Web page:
Tech giants may be forced to tell users how much their data is worth

Today, US senators Mark Warner (D-VA.) and Josh Hawley (R-Mo.) are introducing legislation that would require big tech companies such as Facebook, Google, and Amazon to disclose how much each user’s data is worth, according to Axios on HBO. The bill, named the Designing Accounting Safeguards to Help Broaden Oversight and Regulations on Data Act, or DASHBOARD, would require platforms to put a monetary value on any data collected from internet users.

As part of the act, companies that have over 100m monthly users would need to release a detailed report every 90 days, which highlights “the types of data collected, how it is used, and to provide an assessment of the value of that data”. While some users’ data is worth $5 and some is worth $15, no consumers will receive a payout if the bill passes.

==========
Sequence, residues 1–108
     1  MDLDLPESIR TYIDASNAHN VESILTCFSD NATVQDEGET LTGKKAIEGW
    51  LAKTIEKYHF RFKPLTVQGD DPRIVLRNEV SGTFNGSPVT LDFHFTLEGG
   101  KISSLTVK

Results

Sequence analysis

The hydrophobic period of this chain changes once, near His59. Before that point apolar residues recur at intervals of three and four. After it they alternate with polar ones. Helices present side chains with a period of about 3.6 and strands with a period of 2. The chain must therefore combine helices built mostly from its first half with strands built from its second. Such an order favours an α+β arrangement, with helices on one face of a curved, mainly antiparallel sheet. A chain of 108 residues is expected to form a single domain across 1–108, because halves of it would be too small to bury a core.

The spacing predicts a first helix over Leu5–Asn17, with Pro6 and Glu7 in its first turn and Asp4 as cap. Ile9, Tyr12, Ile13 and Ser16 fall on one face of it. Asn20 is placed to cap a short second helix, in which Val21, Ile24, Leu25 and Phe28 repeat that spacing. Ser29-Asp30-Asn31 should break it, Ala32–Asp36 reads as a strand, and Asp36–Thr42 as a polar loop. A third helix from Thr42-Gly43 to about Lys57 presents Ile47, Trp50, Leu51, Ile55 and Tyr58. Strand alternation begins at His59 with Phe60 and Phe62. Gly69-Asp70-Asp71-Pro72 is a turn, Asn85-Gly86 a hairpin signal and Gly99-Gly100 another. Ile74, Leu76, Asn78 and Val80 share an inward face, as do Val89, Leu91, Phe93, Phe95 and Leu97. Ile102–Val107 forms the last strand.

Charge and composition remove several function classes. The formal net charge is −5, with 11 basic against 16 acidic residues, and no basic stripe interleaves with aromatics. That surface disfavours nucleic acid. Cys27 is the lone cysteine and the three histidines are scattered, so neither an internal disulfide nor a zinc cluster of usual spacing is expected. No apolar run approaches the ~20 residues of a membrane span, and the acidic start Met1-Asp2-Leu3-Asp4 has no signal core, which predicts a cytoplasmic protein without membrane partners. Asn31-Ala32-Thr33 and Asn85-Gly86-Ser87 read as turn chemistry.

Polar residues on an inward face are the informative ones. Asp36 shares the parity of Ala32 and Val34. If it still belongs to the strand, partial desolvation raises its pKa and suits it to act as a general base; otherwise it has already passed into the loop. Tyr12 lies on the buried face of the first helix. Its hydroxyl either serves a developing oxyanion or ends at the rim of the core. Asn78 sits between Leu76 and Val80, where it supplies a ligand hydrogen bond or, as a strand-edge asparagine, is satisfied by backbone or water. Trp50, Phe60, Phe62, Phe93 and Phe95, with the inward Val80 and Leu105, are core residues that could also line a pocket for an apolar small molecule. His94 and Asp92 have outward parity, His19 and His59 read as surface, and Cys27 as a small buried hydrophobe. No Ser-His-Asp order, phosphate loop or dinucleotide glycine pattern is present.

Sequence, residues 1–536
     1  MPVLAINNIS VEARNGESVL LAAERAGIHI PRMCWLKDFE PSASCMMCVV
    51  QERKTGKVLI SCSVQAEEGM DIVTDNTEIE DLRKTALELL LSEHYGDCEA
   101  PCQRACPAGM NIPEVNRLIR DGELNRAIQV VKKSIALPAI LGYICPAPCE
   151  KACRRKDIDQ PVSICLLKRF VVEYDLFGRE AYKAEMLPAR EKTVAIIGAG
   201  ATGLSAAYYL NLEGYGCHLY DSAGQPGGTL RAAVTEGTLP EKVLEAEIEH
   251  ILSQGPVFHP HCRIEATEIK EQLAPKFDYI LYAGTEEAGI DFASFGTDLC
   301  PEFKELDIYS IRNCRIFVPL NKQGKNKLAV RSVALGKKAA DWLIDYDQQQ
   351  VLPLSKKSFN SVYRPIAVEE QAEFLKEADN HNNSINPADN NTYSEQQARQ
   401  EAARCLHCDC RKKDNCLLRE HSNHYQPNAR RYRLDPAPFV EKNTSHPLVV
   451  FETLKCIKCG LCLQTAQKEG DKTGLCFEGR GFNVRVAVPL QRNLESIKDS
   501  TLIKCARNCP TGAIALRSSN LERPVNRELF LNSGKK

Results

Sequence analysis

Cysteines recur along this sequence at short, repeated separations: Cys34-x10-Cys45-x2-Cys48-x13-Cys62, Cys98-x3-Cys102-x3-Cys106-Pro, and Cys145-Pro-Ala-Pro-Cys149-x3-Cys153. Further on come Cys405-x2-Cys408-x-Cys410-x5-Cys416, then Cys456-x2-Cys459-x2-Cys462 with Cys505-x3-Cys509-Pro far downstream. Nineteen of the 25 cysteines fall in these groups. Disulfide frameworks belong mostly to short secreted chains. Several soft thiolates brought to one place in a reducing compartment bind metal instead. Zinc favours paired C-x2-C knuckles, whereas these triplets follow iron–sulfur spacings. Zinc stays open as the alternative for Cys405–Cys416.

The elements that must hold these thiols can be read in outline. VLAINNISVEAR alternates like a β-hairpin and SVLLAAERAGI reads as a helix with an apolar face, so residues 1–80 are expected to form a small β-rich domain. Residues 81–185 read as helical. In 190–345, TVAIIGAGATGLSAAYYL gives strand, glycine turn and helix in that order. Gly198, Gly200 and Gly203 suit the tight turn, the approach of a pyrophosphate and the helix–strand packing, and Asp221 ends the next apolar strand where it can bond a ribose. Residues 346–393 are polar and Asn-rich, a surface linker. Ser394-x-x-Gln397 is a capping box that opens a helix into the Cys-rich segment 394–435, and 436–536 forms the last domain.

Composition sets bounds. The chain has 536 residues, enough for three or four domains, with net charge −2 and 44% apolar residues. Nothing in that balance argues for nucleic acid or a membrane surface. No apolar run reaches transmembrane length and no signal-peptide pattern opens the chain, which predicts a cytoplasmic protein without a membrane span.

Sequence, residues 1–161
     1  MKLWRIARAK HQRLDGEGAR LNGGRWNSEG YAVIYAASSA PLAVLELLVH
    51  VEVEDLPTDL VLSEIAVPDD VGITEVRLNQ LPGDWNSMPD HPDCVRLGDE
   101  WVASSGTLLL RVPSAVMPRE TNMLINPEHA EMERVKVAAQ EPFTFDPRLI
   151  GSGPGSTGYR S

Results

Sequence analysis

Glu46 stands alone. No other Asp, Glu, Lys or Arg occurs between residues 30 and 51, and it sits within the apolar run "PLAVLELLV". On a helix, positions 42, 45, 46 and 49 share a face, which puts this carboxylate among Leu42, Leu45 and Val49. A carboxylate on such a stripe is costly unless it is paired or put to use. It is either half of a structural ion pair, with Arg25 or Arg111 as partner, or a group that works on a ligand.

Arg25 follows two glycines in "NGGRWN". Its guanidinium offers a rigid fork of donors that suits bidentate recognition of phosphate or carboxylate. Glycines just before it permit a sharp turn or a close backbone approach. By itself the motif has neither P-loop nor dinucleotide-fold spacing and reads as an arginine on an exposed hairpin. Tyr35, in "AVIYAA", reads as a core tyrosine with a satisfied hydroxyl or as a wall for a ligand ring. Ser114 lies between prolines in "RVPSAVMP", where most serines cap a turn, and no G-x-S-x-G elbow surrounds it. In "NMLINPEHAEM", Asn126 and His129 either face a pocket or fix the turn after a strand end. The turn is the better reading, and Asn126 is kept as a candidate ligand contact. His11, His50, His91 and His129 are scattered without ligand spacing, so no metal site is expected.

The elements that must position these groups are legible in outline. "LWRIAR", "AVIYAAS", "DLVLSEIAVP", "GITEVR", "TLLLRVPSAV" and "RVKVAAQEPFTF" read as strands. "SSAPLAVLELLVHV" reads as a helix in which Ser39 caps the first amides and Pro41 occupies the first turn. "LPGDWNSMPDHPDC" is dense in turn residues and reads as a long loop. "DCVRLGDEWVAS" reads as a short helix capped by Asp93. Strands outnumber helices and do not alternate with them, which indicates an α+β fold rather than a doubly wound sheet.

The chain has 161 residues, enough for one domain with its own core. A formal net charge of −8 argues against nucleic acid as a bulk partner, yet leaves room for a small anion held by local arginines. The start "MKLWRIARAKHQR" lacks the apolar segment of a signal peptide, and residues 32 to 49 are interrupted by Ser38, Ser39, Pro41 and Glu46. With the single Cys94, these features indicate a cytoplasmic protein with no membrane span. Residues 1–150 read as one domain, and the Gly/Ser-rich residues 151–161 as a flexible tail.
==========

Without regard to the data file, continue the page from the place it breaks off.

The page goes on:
“These companies take enormous, enormous amounts of data about us… If youre an avid Facebook user, chances are Facebook knows more about you than the U.S. government knows about you. People dont realize one, how much data is being collected; and two, they dont realize how much that data is worth,” said senator Mark Warner on Axios on HBO.

The bill would also require all involved companies to disclose an annual report to the Security and Exchanges Committee, which outlines all contracts with third parties for data collection, how much revenue is coming from user data, and which methods of data protection the company is practicing. 

“If theyre not willing to work with us on this kind of, I think, rational, focused reform, then I may very quickly join the crowd that simply says, you know, lets break them up,” said Warner. “And I say that as somebody who was a technology entrepreneur longer than Ive been a senator.”